Thursday, August 18, 2011

The Person You Want To Be

Sometimes I'm struck by how happy I am with my life.

Last night, Danny and I sat on our back porch all evening talking, drinking, and playing pool with our neighbors who we love.

This evening, we rode our bikes to the lake, which is only 10 minutes away, and just hung out enjoying the view.

It's fun to feel like you are the person who you hoped you'd always be.

Wednesday, August 17, 2011


This is my first of four vacation weeks.  At first, I was a little bummed that my first vacation week was only 6 weeks after starting internship, but I was certainly ready for it when it came around.  I think that these 6 weeks were more draining that I'd realized. 

So here's all the excitement that has defined my vacation
-I get to do laundry and dishes.  Yes,  I GET to do it.  My sweetie has been taking care of me and doing all the housework; but I really do enjoy feeling like I'm pulling my fair share around here. 

-I sleep until 9am.  I suppose that doesn't seem very late; but it's a solid 4-5 hours later than I'm used to.

-I started my second novel.  Yes, that's right, I'm doing it again.  This one will be sex-scene-less so that my brothers and grandparents can read it.    I've already written >4,000 words, which means its 8% finished.  I'm having a blast playing around with a different writing style.  My last novel was all written in first person, which gave me the chance to develop each character's voice and hear their thoughts.  This one is narrated in third person, which is a different style.  It gives me more liberty to describe scenes in great detail, which I like.  My last novel, I had a great sense of who my characters were, and I let the story grow out of that.  This time it's opposite- I have a great plotline laid out, and I'm letting my characters grow and develop as it goes.  I'm still figuring out what makes them tick.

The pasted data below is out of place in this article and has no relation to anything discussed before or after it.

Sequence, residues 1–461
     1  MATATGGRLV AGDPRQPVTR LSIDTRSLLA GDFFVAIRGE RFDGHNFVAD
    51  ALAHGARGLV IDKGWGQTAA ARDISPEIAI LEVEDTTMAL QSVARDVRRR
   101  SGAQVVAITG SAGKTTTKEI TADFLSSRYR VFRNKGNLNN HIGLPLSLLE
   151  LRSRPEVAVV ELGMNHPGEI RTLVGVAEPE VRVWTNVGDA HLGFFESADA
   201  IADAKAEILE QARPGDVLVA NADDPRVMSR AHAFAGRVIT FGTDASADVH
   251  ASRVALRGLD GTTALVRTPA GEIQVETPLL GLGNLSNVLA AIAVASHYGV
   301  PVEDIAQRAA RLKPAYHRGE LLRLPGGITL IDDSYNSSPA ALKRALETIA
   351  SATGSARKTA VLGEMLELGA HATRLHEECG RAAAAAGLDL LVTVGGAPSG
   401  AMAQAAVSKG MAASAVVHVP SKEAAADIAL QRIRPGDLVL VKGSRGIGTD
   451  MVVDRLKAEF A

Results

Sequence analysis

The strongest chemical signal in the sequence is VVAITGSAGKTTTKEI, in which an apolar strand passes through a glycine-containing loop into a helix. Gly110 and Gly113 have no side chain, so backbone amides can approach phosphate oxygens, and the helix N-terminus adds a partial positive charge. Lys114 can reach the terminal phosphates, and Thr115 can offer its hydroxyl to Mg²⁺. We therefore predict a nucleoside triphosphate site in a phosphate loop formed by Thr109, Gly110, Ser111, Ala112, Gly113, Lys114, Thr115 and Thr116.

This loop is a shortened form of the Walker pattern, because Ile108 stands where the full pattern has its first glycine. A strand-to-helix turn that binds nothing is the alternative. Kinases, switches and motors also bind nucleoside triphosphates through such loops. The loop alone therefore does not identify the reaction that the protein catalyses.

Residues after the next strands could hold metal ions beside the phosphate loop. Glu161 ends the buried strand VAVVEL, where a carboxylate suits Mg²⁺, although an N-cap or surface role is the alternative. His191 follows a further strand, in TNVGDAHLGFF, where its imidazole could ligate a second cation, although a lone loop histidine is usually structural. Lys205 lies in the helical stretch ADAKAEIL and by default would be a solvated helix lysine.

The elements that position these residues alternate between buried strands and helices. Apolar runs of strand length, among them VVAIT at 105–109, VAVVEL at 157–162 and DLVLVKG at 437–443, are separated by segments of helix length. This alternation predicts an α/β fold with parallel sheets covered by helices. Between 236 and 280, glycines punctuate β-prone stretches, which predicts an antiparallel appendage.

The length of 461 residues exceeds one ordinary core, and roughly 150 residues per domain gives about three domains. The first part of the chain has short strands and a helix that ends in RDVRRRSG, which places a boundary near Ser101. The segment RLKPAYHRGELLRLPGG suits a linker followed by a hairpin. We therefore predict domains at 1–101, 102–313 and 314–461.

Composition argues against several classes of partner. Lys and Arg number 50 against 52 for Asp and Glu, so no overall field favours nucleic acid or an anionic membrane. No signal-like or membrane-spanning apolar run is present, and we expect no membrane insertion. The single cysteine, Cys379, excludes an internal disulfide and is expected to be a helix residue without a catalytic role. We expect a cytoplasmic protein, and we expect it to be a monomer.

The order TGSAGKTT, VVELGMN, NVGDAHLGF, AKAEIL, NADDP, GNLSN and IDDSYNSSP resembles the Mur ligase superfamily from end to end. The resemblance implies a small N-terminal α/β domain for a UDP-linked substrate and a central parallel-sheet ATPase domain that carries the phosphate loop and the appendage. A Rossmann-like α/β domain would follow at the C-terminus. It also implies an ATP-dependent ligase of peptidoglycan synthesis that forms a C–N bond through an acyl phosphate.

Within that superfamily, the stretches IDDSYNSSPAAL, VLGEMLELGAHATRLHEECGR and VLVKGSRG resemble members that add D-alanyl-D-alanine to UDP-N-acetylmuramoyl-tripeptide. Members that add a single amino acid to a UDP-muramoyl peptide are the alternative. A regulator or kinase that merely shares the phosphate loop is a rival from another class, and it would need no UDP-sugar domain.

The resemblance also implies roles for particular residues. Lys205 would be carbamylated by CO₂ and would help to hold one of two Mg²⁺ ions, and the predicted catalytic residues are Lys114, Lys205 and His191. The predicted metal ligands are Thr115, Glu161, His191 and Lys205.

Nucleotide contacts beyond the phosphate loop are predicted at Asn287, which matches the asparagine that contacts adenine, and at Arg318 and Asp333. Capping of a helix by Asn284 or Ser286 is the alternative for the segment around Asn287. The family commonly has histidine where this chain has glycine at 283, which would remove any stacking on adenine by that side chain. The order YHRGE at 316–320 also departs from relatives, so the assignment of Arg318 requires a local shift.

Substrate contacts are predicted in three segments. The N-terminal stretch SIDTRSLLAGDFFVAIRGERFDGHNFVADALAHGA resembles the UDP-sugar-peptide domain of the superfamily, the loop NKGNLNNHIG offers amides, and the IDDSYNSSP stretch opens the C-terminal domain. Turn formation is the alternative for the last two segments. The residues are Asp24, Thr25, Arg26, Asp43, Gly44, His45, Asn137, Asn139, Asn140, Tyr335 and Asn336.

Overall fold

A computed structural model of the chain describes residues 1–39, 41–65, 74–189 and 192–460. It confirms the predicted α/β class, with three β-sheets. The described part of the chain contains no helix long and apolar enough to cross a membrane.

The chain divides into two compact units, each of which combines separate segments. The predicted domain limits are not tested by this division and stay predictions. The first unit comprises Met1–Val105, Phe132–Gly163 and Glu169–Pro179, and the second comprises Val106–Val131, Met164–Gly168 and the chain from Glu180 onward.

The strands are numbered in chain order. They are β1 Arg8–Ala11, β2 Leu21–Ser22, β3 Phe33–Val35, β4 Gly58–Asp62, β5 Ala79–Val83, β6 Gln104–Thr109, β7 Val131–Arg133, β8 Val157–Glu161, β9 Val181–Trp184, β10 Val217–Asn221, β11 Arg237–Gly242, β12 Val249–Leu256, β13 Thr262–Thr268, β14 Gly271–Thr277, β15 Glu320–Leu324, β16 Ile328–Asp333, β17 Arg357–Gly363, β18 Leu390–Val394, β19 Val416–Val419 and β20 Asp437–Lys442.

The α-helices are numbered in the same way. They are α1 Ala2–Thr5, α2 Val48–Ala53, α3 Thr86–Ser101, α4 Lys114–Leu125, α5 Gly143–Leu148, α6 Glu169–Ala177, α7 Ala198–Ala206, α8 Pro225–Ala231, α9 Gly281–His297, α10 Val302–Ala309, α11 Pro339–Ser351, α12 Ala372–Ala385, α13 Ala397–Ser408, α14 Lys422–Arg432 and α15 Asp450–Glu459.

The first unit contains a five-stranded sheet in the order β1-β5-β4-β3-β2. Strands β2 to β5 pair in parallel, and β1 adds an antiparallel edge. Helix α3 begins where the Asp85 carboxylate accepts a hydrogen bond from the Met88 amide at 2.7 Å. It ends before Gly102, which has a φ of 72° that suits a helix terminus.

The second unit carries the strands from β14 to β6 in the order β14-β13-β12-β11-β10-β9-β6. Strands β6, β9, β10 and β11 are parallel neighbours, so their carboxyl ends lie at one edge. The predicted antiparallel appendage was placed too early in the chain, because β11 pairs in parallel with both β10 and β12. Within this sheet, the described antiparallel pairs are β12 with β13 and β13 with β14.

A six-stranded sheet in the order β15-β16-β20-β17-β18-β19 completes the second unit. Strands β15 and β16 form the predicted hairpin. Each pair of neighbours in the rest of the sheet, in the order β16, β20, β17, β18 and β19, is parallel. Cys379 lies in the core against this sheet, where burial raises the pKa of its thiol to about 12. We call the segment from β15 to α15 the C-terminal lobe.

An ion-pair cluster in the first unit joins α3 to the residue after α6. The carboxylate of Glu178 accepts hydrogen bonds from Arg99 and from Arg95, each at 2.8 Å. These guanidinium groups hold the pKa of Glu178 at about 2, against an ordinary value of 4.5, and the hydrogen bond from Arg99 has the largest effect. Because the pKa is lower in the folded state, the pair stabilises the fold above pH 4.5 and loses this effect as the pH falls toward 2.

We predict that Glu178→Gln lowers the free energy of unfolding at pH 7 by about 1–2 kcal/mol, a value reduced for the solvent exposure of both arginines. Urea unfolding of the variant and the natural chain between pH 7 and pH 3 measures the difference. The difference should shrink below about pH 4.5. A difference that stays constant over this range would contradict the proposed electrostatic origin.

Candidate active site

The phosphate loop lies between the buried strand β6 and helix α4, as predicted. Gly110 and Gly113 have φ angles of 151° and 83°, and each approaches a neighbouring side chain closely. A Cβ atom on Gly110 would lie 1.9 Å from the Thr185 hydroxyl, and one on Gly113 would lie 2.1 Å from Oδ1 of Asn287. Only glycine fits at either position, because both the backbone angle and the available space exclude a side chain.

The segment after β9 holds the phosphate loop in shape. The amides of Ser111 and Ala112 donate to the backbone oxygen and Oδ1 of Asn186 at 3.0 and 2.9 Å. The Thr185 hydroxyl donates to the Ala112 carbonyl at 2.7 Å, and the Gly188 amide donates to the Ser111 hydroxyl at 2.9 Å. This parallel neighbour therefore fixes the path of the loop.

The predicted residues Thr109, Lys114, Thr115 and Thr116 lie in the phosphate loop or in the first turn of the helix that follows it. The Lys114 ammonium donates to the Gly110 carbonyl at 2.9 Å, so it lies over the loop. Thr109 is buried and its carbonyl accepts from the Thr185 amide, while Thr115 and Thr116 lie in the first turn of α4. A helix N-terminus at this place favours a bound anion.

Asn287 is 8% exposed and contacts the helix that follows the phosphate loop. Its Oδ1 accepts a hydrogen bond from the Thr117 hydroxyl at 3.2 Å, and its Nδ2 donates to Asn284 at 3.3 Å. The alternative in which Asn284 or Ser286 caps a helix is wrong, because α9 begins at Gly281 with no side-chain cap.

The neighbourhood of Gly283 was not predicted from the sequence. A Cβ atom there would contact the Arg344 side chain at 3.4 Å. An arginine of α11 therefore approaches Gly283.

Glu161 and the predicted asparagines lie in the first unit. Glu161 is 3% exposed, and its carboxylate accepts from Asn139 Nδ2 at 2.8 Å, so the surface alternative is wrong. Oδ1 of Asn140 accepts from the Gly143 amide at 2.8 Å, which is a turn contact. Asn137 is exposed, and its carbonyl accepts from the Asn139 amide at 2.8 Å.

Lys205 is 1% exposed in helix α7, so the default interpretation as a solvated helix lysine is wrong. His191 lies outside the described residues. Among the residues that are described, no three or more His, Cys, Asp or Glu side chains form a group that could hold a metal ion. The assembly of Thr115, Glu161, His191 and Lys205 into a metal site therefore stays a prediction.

-I'm catching up on reading my ridiculously large surgical textbook. Surgery residents have a big test every January to make sure that we are learning what we should, and I need to make some significant progress in my textbook to stay on reading schedule.  I've been rotating reading the textbook for an hour, and then working my novel for an hour.  With occasional naps.

-Going back to the novel thing, because that's what I'm most excited about, I'm still planning on finishing by the end of November, so that I can feel a part of NaNoWriMo.  But since I work solidly double what most people work (80 hr/wk v. 40hr/wk) I figured that justified a head start.  It's like using the woman's tee in golf;  this is the MD's version of NaNoWriMo.

-The weather has been gorgeous outside, so most of my novel writing has taken place on our back desk.  YAY!

Friday, August 12, 2011

My First Medical Mistake

I made my first real medical mistake this week.  I've made plenty of mistakes over the past month, but every other one was caught before it hurt anybody.   On my second day of residency, I wrote a patient for aspirin 81gm, instead of 81mg.  Anyone whose ever typed more than 2 sentences on a computer keyboard knows how easy it is to hit two keys in the wrong order.  A oddly entertaining pharmacist called me about 10 minutes later, welcomed me to residency, and then told me to try again.